Environment & Science

Environment
2:14 pm
Thu April 19, 2012

New outdoor burning law limits what can be torched

A tool often used to burn refuse in rural areas. A new law puts limits on what can be burned.
joelk75 Flickr

A new law will soon limit the types of waste that can be thrown into pits and barrels to be burned. Plastics, chemically treated wood, and electronics are among the types of trash that cannot be burned.

The new rules don’t go as far as some people wanted, which was to ban outdoor burning altogether.

There were fights between neighbors about drifting smoke  -- in some cases, causing or aggravating asthma attacks.

But burning waste is so common in parts of rural Michigan that a compromise was struck. Some of the most toxic materials are banned, but grass, leaves and other yard waste can still be burned.

The director of the state Department of Environmental Quality Dan Wyant said he hopes this is the beginning of a culture change in rural Michigan.

“We’ll go out, and we’re trying to educate,” said Wyant. “We’re not trying to be heavy-handed in our enforcement, but we will communicate about the law, and we do want to move away from outdoor burning.”

The new rules become enforceable in six months.

Environment
11:03 am
Thu April 19, 2012

Stopping hitchhikers in ballast tanks

Entry to a ballast tank in a ship's cargo hold
Photo courtesy of the Great Lakes NOBOB Team

Ships entering the Great Lakes can carry water from foreign ports. That water is held in their ballast tanks. It helps stabilize the ship.

Now, anytime you hear the term ballast water... do your eyes glaze over? Maybe you start thinking about what you’re going to make for dinner? Okay, so it’s not the sexiest topic. But it matters because sneaky little invasive species can hide in the ballast water... and catch a ride across the ocean.

“Invasive species, scientists think, are the worst problem facing the Great Lakes. They threaten the Great Lakes health, they threaten to crash the ecosystem, they threaten our economy.”

That’s Andy Buchsbaum. He directs the Great Lakes office of the National Wildlife Federation. He says when ships dump their ballast water in the Great Lakes, the invaders can get out.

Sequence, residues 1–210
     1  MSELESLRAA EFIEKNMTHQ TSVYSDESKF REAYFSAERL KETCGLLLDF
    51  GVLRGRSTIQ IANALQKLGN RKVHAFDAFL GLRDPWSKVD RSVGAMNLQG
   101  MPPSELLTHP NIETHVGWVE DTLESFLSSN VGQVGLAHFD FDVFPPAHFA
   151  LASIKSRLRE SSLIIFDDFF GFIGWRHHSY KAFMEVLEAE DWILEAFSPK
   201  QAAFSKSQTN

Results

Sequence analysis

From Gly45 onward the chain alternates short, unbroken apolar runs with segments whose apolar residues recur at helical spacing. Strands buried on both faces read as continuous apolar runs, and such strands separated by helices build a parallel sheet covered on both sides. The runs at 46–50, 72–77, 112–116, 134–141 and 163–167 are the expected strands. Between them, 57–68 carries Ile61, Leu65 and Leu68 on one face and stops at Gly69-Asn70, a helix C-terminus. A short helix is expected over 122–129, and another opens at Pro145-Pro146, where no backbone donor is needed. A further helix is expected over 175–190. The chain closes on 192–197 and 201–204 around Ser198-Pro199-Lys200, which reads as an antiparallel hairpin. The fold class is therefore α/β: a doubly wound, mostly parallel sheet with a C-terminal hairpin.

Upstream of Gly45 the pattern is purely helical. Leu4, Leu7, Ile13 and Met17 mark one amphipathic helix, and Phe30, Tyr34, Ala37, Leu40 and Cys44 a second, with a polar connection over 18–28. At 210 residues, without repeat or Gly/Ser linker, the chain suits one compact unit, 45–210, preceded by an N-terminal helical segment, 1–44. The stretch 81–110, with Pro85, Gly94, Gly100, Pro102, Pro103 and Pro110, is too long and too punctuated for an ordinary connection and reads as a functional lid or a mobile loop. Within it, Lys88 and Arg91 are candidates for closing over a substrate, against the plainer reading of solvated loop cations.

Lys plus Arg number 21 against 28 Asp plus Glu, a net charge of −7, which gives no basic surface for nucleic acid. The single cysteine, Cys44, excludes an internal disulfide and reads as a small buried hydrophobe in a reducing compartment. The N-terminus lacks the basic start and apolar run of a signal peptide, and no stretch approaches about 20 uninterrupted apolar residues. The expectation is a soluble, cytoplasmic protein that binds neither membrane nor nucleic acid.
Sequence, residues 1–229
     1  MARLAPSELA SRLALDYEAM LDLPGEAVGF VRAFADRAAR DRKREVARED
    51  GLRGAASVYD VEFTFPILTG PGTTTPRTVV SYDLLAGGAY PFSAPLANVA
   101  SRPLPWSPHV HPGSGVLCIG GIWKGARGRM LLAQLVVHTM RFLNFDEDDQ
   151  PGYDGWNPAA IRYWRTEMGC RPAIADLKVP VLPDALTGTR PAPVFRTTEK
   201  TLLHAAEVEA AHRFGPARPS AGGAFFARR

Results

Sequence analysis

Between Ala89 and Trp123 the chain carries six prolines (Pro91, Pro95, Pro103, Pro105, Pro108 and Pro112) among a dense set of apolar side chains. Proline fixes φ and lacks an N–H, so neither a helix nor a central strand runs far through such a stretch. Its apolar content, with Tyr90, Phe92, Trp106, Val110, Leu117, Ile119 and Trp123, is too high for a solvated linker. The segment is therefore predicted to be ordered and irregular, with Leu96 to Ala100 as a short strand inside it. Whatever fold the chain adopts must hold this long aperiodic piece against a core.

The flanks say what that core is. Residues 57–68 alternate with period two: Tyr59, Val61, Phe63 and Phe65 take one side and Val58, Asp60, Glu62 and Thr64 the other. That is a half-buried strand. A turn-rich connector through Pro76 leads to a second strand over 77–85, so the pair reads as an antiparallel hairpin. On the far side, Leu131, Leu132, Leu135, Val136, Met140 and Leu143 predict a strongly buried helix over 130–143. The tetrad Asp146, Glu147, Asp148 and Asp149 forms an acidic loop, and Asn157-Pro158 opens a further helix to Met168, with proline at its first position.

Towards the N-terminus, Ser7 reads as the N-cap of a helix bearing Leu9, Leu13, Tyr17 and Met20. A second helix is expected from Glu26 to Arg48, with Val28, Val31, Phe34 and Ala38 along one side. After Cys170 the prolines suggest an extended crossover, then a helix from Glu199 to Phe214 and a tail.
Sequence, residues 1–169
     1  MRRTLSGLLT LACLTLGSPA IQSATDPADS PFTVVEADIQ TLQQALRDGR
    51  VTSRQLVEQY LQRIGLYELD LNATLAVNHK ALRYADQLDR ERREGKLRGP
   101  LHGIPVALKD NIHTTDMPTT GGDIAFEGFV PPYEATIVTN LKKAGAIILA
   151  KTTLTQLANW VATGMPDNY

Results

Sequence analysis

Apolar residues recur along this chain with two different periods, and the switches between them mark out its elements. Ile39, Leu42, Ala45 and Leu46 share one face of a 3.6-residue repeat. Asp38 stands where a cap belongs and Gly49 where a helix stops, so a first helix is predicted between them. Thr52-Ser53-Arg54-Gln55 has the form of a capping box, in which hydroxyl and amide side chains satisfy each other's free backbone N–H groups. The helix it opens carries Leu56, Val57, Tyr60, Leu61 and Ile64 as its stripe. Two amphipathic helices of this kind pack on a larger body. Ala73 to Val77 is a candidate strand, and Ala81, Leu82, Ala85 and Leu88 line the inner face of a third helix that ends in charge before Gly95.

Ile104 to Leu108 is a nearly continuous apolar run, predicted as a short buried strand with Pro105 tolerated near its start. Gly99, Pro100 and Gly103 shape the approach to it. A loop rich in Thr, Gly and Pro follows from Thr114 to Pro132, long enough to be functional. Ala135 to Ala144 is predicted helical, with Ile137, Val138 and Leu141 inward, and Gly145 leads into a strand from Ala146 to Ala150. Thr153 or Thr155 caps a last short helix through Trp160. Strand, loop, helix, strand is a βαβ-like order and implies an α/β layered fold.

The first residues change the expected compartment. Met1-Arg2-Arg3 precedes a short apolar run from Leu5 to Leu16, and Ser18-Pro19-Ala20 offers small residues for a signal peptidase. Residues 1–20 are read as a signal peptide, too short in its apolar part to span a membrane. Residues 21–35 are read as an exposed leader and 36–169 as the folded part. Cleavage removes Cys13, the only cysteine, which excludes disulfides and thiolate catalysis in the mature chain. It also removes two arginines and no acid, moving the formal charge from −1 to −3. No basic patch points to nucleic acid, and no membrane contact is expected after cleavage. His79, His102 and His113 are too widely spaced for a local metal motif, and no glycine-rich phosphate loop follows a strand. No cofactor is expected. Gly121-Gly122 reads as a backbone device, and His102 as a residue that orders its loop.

“And if they find each other and fall in love, you have families of those critters and you actually have some real population problems like zebra mussels going wild in the Great Lakes.”

Zebra mussels have caused all kinds of havoc with Great Lakes ecosystems. The Environmental Protection Agency estimates 30 percent of the invasive species in the Great Lakes have come in through ballast water.

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Environment
8:09 pm
Tue April 17, 2012

Part of Kalamazoo River opens Wednesday, first time since oil spill

People had a chance to ask representatives from at least a dozen government agencies and other groups about the oil spill. The meeting was Tuesday night at Marshall High School.
Lindsey Smith Michigan Radio

Calhoun County Health officials will open up a three mile section of the Kalamazoo River near Marshall Wednesday at 8 a.m. It’s the first time the river has opened to the public since a major oil spill July 26th, 2010. 

It’s just a tiny portion of the 37 total miles of the river that have been closed since the underground Enbridge pipeline ruptured. Crews have recovered more than a million gallons of oil from the river. 

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Environment
3:44 pm
Tue April 17, 2012

Americans less concerned about environmental problems

A graph showing the decline in concern over air and water pollution.
Gallup

A recent Gallup poll finds Americans are less concerned about environmental problems today than they were twelve years ago.

From Gallup:

The trends are part of a broader decline in worry about environmental threats documented in the poll.

Gallup asked Americans to say how much they worry about each of seven environmental problems. All show significantly less worry today than in 2000, when worry was at or near its high point for each item. The declines in concern about drinking-water pollution and air pollution are the largest for the problems included in this year's poll.

Here's a breakdown of those concerned "a great deal" about the following problems:

Pollution of drinking water

  • 2000 - 72 percent
  • 2012 - 48 percent

Air pollution

  • 2000 - 59 percent
  • 2012 - 36 percent

Pollution of rivers, lakes, and reservoirs

  • 2000 - 66 percent
  • 2012 - 48 percent